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Uncovering expanded HMDA’s 5 hidden risks

2018 implementation date demands careful planning—and execution

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  • Written by  Amy Downey, Wolters Kluwer Financial Services
Uncovering expanded HMDA’s 5 hidden risks

Two things are certain about the now-finalized Home Mortgage Disclosure Act changes:

• Change is inevitable.

• The Consumer Financial Protection Bureau views the expansion of required HMDA data collection fields as necessary to better understand the lending practices of financial institutions.

Once again, financial institutions face a monumental change to their operational processes and compliance programs. With new TILA-RESPA Integrated Disclosure (TRID) rules in effect and implementation underway, it is easy to become discouraged and say, “Oh no, not another one! We don’t have the resources to tackle this now, and we haven’t even explored where to start.”

It may be human nature to shift into wait-and-see mode during times of uncertainty, but as we’ve seen over the last few years with financial institutions preparing for the TRID rules, it pays to be prepared. This article provides thoughts for strategic plan goals you can work on now—and outlines five risks hidden in the final rule.

The clock is already ticking. Most provisions of the final rule will take effect on Jan. 1, 2018. Lenders will collect the new information in 2018 and then report this information by March 1, 2019. (At the end of the article there’s a summary of major changes under the new HMDA rules.)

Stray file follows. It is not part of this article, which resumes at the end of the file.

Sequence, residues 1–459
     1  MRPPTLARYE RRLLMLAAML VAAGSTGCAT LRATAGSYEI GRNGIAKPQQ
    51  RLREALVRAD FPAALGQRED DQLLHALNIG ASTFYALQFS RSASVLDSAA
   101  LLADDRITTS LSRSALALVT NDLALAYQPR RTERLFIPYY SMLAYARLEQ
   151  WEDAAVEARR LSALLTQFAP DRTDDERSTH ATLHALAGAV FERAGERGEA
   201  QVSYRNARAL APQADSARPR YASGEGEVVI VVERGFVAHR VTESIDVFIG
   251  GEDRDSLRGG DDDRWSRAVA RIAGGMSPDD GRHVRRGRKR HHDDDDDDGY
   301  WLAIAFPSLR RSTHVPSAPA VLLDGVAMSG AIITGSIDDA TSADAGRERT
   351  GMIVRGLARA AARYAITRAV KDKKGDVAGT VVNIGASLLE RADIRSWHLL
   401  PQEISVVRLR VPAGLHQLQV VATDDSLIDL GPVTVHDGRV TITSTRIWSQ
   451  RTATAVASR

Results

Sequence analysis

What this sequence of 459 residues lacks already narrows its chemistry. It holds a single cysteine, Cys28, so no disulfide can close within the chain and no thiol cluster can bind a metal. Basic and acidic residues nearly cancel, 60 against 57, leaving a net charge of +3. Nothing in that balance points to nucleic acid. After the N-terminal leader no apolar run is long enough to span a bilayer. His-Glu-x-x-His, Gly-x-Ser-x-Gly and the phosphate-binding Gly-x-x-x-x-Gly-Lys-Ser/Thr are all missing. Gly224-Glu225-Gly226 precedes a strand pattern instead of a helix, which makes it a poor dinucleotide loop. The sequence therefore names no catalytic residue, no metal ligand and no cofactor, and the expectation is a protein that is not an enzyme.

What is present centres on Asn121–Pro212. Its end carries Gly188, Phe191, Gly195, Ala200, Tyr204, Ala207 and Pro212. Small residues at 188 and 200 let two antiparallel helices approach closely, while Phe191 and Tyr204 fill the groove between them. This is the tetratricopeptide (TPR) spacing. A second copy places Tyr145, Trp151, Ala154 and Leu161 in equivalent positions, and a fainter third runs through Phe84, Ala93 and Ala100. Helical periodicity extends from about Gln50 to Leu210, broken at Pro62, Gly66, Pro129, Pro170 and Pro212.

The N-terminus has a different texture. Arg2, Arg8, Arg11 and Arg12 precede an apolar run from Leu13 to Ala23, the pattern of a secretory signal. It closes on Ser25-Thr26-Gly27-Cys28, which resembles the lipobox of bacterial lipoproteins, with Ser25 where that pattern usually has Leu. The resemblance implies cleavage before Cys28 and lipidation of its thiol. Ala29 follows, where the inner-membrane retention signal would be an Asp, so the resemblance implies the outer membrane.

Strategic plan for HMDA compliance—and its hidden risks

Institutions use strategic planning to capitalize on market opportunities facing their organization. Approaching HMDA compliance should be no different. Using a strategic plan to define goals and a sequence of steps to achieve them is how institutions can best tackle the expanded HMDA rules.

Strategic planning begins with the desired end goal clearly in mind, and works backward to one’s current state. If the desired outcome for a HMDA strategic plan is accurate and timely data for submission, exams, and analysis, then the first step is to understand what has changed, where you are today, and what gaps need to be addressed. Now is the time to start.

Strategic planning begins with identifying and addressing five hidden risks:

Hidden Risk #1:  Lack of executive understanding and support

Before defining the specific steps of your strategic plan, you first need executive recognition and buy-in. Senior leadership must understand that the new HMDA rules will represent a significant change, and one that your compliance team can’t navigate alone.

Some perspective: Taking only the Dodd-Frank Act portion of the HMDA changes, the list of changes is three times larger than the last time major changes were made to HMDA.